12 July 1796
First parade held to commemorate the Battle of the Boyne.

26 July 1813
Battle of Garvagh. Four hundred Catholic 'Ribbonmen' made an attempt to destroy a tavern in Garvagh where the Orange Lodge met. They were armed with sticks and bludgeons, little suspecting that Protestants were waiting inside armed with muskets, to defend the Orangemen. Several of the Ribbonmen were killed, and the rest fled to the countryside.

Present organisation of Apprentice Boys formed, although the Siege of Derry was being celebrated from 17th century.

12 July 1849
Dolly's Brae. Orangemen announced their decision to march from Rathriland to Tollymore Park in Castlewellan, a route which was both long and passed through a catholic townland. Approximately 1,200 to 1,400 Orangemen, all of whom were armed, marched along this route. However, by the afternoon about 1,000 Ribbonmen, also armed, had gathered to observe. Suddenly, shots were fired from both sides, and Catholic homes were set alight. The police were unable to control the situation. None of the Orangemen were harmed, but it was estimated that about 80 Catholics were killed.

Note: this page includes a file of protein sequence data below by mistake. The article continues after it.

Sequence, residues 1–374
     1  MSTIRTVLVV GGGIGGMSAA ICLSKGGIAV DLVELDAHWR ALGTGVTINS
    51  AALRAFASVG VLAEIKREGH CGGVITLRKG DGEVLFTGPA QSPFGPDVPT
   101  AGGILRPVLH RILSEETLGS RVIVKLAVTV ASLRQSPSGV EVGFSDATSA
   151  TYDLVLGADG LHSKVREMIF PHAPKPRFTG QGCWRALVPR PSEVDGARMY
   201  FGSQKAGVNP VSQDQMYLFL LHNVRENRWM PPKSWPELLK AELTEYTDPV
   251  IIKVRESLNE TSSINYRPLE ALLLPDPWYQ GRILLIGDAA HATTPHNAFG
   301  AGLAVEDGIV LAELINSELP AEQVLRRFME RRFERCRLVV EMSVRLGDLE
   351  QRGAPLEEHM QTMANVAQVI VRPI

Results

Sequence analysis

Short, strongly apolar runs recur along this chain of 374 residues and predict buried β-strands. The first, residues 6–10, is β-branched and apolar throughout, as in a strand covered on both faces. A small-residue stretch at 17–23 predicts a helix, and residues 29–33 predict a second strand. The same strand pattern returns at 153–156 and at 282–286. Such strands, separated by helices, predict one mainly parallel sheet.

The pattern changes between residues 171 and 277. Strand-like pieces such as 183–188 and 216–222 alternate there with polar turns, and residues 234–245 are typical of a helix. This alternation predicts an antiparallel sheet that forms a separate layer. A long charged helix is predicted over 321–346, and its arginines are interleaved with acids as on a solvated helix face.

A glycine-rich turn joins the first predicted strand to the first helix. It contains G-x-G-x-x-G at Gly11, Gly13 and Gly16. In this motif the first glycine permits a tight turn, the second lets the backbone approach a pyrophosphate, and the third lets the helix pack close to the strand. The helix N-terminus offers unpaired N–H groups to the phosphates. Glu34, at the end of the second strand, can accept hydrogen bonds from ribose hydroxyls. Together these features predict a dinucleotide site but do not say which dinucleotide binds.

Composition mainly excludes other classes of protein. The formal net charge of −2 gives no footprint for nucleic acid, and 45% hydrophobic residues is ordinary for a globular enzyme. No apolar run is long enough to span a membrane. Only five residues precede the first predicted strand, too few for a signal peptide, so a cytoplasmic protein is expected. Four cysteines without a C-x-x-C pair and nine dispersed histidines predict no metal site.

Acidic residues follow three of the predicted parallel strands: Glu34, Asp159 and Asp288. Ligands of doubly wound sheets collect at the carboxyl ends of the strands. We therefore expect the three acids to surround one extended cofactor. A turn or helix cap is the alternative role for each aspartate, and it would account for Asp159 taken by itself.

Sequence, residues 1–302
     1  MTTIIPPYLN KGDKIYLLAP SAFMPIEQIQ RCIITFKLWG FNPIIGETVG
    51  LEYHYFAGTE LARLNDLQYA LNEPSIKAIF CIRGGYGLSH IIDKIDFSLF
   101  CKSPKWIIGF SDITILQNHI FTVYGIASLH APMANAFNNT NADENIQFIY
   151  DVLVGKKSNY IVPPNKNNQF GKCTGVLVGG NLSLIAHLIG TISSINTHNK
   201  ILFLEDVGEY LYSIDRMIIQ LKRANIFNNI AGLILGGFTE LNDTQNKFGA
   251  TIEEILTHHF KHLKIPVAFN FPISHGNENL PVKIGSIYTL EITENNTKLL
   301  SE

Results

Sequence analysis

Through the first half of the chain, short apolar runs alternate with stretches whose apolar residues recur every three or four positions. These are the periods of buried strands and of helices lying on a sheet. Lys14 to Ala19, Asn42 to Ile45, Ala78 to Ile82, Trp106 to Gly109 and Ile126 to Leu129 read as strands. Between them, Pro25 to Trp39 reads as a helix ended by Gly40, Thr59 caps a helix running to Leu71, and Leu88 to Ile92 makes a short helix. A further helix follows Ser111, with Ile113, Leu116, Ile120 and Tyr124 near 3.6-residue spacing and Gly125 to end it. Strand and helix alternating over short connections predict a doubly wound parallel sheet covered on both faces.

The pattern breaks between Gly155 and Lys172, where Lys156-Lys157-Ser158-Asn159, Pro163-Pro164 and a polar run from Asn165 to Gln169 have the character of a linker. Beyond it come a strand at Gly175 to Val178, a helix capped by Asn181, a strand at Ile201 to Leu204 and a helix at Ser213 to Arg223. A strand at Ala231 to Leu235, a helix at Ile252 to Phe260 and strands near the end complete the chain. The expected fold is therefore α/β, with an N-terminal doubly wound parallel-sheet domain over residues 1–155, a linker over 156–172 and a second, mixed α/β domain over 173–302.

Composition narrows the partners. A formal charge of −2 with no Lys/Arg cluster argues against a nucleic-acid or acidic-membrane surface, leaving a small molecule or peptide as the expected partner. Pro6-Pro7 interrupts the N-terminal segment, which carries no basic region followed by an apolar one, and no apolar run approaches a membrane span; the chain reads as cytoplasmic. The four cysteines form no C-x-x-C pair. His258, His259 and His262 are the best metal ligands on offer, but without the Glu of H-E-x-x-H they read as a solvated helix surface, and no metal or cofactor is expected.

Formation of the Royal Black Institution. This began as an off-shoot from the Orange Order and can be traced back as far, although it was officially constituted as an organisation in its own right in the 1850's.

The Formation of the Royal Arch Purple: This organisation is very closely connected to the Orange Order, although it remains a separate organisation. It does not have any major parading dates of its own, although it does hold a number of church parades.

Formation of the Junior Orange Institution Ireland. As the name suggests, this is a branch of the Orange Order which only accepts boys under the age of 16.


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